A hand holds up a signal crayfish in the

Photo Credit: Adrian Sherratt | Alamy

Yee Haw, We Got Crawdaddies!

One species, the signal crayfish, is native to rivers and lakes in southern BC

Nighttime is the right time to hunt these critters

Have you been out and about near the Puntledge River lately? Did you think you saw a lobster?

Don’t worry, you weren’t seeing things!

It’s a species of freshwater crustacean known as the signal crayfish. It’s native to the southern quarter of BC from the Kootenays west to VanIsle.

And it’s pretty delicious.

This crustacean has a blueish brown to green body. Males can grow up to 16 cm in length, about the width of a big hand. They thrive in cool waters and can even be found in subalpine lakes, and they like to hide under rocks in the shallow parts of a river.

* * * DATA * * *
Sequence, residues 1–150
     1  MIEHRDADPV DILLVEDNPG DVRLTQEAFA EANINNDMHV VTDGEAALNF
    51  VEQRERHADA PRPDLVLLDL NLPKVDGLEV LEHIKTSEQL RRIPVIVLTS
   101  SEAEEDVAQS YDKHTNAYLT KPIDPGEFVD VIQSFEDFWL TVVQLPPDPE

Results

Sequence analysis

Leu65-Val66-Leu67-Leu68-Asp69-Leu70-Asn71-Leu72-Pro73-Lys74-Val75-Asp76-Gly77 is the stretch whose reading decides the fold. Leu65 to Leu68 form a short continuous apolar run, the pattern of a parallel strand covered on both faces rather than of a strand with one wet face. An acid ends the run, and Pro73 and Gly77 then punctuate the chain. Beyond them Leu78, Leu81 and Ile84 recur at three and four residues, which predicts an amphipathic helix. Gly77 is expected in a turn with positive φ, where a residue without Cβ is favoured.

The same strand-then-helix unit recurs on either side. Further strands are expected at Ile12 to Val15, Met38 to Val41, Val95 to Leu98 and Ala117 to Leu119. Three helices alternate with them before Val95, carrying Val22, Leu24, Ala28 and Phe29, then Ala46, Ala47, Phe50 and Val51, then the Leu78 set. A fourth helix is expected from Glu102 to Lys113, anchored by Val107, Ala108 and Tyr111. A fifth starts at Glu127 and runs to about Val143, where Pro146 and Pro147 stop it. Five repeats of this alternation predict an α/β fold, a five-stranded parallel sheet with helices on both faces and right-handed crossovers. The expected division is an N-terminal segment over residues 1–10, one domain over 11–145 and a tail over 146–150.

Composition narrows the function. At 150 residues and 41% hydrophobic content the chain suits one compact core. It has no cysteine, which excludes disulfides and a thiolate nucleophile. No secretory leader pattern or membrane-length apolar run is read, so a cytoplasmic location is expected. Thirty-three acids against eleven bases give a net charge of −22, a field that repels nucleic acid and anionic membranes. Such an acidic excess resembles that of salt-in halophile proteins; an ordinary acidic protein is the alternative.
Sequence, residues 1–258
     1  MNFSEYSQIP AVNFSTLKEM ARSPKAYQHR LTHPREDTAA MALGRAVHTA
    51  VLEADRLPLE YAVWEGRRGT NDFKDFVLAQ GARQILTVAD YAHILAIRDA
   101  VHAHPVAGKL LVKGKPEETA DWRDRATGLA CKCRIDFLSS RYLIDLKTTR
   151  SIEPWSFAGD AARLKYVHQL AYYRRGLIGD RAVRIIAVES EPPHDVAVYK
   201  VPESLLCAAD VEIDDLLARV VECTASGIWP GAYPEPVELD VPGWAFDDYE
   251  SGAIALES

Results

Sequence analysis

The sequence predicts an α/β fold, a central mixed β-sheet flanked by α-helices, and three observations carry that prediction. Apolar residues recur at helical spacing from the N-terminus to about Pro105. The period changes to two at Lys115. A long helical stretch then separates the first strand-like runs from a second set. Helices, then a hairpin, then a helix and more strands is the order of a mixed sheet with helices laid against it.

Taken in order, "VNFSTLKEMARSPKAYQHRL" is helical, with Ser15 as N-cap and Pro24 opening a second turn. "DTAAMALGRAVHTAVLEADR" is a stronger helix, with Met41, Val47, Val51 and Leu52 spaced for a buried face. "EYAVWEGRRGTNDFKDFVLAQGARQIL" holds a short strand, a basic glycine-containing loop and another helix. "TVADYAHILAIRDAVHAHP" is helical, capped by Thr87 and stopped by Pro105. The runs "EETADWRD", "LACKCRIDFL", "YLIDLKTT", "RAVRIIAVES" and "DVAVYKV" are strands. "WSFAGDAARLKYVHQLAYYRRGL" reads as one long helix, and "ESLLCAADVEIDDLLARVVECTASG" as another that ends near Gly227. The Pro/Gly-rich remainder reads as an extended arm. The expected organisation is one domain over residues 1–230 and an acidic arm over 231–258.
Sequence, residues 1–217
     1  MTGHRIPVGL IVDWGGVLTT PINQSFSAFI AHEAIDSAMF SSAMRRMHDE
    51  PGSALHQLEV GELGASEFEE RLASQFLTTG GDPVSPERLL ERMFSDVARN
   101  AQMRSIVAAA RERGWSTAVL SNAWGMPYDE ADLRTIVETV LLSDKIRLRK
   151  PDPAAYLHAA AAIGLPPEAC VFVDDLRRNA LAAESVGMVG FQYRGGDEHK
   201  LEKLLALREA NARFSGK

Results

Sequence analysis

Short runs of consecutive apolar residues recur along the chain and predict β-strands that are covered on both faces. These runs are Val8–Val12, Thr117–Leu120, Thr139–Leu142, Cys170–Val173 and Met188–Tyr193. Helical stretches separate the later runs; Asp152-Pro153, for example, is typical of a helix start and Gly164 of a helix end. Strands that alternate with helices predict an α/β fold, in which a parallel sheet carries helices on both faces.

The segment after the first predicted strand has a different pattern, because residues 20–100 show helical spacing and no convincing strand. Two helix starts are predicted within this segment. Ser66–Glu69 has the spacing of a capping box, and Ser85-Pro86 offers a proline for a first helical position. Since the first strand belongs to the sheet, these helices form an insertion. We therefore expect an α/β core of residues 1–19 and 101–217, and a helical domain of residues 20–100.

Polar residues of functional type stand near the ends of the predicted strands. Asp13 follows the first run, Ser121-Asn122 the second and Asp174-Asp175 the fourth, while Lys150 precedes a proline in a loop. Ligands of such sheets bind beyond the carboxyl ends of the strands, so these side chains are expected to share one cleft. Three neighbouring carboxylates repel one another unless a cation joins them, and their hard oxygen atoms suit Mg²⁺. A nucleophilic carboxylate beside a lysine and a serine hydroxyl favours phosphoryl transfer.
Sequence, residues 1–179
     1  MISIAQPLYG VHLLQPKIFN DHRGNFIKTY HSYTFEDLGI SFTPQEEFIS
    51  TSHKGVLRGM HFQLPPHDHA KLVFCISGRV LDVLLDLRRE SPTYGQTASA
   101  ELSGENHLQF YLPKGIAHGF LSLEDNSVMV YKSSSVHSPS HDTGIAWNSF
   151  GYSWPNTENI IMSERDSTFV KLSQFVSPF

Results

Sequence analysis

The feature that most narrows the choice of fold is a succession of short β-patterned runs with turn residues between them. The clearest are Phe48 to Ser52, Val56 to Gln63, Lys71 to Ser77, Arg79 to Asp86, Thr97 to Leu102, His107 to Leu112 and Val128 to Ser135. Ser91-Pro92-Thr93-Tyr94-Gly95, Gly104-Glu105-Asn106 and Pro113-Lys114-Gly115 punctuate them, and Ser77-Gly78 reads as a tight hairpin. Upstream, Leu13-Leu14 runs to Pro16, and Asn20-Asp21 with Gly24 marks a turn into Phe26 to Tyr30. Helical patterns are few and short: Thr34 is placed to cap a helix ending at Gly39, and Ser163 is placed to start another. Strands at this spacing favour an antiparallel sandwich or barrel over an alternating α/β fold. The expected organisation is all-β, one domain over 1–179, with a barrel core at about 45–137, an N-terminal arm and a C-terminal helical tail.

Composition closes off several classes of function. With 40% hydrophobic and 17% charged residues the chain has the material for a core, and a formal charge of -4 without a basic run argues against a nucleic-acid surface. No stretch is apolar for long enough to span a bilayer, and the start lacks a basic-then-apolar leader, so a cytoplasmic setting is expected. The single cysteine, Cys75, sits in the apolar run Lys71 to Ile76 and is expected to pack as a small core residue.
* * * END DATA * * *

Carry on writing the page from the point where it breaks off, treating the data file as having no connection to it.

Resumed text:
They are also known as crawfish, craydids, crawdaddies, crawdads, mudbugs, babybugs and yabbies.

And yes, folks eat their tails the way we eat those famous east coast lobsters.

They can be caught using baited traps, but any crayfish smaller than 9 cm have to be released back into the water. Some people prefer a sportier approach and catch them by hand.

But watch out—they hurt if you’re going mano-a-mano with a bigger specimen that latches on to your finger.

To make it safer, pick them up just behind the sharp pincers. They’re quick if startled. These backwards-swimming creatures can scoot to safety if needed.

As a nocturnal species, crayfish are most active between dusk at dawn. That means nighttime is the right time for the serious crayfish hunter.

Though crayfish farming is big business in the southern US, especially Louisiana, it hasn’t been done commercially in BC—yet.

Business idea, anyone??

If you have no interest in turning them into a side hustle, you could simply swim in your favourite river or lake and enjoy spotting these curious creatures.